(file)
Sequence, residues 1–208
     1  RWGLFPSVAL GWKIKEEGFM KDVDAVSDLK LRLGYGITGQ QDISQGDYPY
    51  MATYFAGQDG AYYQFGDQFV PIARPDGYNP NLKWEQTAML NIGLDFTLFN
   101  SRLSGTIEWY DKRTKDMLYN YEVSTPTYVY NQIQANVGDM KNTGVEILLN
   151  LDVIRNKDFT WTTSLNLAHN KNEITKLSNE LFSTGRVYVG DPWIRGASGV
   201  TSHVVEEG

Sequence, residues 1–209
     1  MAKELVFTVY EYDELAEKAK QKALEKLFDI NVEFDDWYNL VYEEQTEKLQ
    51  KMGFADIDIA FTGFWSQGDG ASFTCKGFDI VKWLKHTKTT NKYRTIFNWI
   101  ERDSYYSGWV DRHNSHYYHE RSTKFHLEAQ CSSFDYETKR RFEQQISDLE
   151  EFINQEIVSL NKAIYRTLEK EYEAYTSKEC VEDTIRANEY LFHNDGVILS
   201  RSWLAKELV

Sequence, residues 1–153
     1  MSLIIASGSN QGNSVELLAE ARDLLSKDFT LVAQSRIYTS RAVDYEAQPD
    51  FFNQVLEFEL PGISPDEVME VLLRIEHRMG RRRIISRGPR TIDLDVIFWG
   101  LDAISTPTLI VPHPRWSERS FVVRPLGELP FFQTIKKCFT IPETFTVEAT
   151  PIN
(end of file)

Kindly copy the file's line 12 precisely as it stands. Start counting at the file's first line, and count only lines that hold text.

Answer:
   201  RSWLAKELV